Around the same time as I started growing houseplants, I also got my first job doing something that didn’t make me feel like a trained monkey—proofreading for a publishing company. It was an enormous breakthrough for me. It wasn’t as if I wasn’t replaceable; there were plenty of other proofreaders, but they and I were doing something a lot more complex than pushing buttons and pulling levers for eight hours a day.
From there, I took off. I met people from all over the business and made my way into a specialized niche for which my growing skill set was very well suited. I got there because I took the time to assess my talents and work at them until I was good enough to use them professionally.
More importantly, though, I found what I had been missing all those years. I actually cared about what I was doing, whether it was fine-tuning educational materials or making sure my plants weren’t withering. What I was doing may not have mattered in a saving-the-world kind of way, but it mattered to me. I kept caring for the plants because it was important to me. I didn’t spend every day at work wishing I could tell off my boss and storm out the door; I spent them trying to complete work I could be proud of. I felt useful, and it’s really difficult to feel depressed and useful at the same time.
Generally, when people feel depressed, unless it’s because of a genuine dysfunction in their hormone systems, it’s not really depression they’re feeling. It’s easy to associate the feeling with depression because it’s similar to the feelings that come along with grief—most notably that you can’t do anything about it. You feel impotent. Helpless. Useless.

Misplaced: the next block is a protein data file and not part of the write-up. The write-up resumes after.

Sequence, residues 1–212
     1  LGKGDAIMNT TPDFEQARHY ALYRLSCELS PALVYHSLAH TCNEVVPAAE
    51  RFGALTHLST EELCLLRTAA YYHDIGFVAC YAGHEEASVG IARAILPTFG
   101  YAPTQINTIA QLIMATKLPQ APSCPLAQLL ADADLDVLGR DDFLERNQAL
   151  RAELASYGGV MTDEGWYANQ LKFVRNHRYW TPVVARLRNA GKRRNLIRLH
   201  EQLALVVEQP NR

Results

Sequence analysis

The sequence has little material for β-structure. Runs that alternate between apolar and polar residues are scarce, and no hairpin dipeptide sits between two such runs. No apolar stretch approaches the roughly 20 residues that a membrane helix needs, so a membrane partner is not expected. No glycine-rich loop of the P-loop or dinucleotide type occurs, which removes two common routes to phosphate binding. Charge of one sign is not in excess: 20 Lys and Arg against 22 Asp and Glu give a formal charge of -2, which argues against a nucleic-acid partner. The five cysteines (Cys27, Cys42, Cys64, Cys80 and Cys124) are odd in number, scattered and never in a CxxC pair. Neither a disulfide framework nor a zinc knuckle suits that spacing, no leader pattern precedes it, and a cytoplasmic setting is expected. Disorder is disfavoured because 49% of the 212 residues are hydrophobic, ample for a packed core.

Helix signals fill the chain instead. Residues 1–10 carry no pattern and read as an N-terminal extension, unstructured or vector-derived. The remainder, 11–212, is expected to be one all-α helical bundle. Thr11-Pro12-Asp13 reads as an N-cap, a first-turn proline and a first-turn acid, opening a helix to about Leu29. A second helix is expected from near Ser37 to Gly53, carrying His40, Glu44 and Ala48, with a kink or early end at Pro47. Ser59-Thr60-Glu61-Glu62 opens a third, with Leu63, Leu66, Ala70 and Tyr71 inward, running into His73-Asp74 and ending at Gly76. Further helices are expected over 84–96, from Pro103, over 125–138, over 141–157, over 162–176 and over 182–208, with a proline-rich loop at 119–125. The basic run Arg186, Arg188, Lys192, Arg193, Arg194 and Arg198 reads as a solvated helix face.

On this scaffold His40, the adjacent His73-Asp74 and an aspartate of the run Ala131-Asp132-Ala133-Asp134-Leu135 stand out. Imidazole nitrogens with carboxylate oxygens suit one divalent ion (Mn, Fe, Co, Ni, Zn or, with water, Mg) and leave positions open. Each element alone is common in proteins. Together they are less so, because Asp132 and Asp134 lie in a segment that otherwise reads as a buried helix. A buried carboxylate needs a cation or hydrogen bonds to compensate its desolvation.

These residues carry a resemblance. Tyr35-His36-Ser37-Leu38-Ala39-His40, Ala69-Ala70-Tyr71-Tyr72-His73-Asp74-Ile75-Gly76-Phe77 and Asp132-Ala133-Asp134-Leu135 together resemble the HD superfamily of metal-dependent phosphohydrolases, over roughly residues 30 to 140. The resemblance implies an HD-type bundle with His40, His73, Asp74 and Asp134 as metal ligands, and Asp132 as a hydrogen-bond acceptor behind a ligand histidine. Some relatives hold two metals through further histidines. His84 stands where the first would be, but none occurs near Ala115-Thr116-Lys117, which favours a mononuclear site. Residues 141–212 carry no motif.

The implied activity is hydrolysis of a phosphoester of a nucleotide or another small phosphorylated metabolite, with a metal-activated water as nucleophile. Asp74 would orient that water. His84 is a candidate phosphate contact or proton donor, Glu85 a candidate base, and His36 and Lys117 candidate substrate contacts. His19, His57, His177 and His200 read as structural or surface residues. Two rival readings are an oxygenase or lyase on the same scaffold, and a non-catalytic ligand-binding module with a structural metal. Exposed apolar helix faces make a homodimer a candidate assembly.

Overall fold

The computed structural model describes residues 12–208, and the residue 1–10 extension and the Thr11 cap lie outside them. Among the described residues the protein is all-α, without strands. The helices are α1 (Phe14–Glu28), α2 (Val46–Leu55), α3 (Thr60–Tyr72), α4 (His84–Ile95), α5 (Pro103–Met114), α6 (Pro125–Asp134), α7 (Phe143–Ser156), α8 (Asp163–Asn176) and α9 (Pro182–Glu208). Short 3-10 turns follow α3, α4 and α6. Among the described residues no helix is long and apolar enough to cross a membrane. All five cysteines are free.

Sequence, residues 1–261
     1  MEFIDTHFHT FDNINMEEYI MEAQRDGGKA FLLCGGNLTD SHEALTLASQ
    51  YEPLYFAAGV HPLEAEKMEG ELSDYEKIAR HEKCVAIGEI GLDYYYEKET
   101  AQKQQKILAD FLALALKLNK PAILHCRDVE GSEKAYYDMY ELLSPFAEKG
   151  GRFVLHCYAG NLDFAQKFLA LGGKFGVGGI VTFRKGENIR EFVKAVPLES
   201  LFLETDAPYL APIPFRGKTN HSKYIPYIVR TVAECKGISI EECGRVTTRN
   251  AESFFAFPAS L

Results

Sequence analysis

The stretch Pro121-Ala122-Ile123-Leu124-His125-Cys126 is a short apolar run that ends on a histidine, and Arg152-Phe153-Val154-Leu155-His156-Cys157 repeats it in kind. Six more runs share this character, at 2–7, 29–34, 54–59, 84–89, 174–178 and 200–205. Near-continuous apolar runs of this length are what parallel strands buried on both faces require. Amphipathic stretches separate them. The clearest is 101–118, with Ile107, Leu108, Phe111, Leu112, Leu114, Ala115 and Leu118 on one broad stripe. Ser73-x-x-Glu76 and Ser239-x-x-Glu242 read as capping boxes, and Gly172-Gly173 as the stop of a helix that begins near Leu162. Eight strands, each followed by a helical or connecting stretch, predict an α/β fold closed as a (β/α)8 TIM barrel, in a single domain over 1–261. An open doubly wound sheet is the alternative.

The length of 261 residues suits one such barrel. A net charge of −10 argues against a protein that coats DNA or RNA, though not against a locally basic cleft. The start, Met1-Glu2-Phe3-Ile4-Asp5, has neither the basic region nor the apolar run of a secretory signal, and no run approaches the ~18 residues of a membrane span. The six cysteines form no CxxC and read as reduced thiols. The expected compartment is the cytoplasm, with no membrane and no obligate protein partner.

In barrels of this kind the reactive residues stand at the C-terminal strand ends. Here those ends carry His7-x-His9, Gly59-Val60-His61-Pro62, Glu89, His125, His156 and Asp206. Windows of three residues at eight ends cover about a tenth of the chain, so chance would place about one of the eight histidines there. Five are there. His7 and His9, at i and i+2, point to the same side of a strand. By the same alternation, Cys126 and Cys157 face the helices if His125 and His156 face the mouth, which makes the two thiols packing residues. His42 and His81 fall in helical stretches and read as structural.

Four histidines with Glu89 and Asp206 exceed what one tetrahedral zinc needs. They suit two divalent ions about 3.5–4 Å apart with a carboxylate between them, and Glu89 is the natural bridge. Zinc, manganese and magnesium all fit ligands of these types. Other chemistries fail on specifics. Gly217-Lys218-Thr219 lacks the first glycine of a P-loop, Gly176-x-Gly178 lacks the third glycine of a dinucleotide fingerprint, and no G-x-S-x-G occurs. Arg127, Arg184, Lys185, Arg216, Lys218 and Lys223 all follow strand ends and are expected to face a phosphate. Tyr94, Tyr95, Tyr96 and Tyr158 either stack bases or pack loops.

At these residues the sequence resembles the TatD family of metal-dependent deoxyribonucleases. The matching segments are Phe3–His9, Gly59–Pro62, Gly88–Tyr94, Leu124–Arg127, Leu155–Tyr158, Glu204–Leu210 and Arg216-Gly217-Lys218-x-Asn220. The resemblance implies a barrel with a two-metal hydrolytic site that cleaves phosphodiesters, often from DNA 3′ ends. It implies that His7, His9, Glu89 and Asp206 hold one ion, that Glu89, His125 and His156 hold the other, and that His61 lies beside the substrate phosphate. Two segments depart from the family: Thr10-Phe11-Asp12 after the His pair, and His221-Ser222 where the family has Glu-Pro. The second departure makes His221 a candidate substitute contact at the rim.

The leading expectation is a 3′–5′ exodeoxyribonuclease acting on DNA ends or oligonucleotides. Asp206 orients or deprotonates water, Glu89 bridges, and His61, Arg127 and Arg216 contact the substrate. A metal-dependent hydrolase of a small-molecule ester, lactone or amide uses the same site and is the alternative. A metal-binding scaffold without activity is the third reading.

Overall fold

You feel that way when people die because you literally can’t do anything about it. But in the rest of life, that’s seldom the case; you feel that way because of constant inaction. You become stagnant and lack purpose. Fortunately, though, you can do something about that: be useful. Give yourself something to care about. It doesn’t have to be anything super-important, and in fact, it’s best to start small. Pick a talent you know you have or a skill you’re interested in building, and make a habit out of spending at least a half-hour a week doing something related to it—not thinking about it, not planning it, but doing it.
And I don’t mean going online and click-click-clicking your way to some pointless array of green pixels that you can pretend is a farm. Make a list of your talents, pick one that appeals to you in that moment, and use it to create something or meaningfully help someone. Don’t overthink it or come up with excuses to stall; just do it. You’ll have plenty of opportunities to do better if your first, second, or twentieth attempt is a flop.
It could be something as simple as this article in front of you; if it helps even one person feel good in the long term, it was well worth all of the thought and keystrokes I put into it. Through my own effort, I will have created something positive that wouldn’t exist without me. Even if no one who reads it gains anything from it, or no one reads it at all, it will have been worthwhile because I can use the experience to write a better article in the future.
That is the one thing that seems missing in many people’s lives, and the most major barrier to natural, non-drug-induced happiness. Many people spend so much of their time chasing subsistence money that they think that’s all there is to life—pushing buttons, pulling levers, and collecting paychecks until they die. Uselessness is one of the most depressing feelings in the world, and there is really only one solution to it: be productive.
[Kudos to David Wong at Cracked.com for inspiring me to write this via his article, 6 Harsh Truths That Will Make You a Better Person, which I highly recommend.]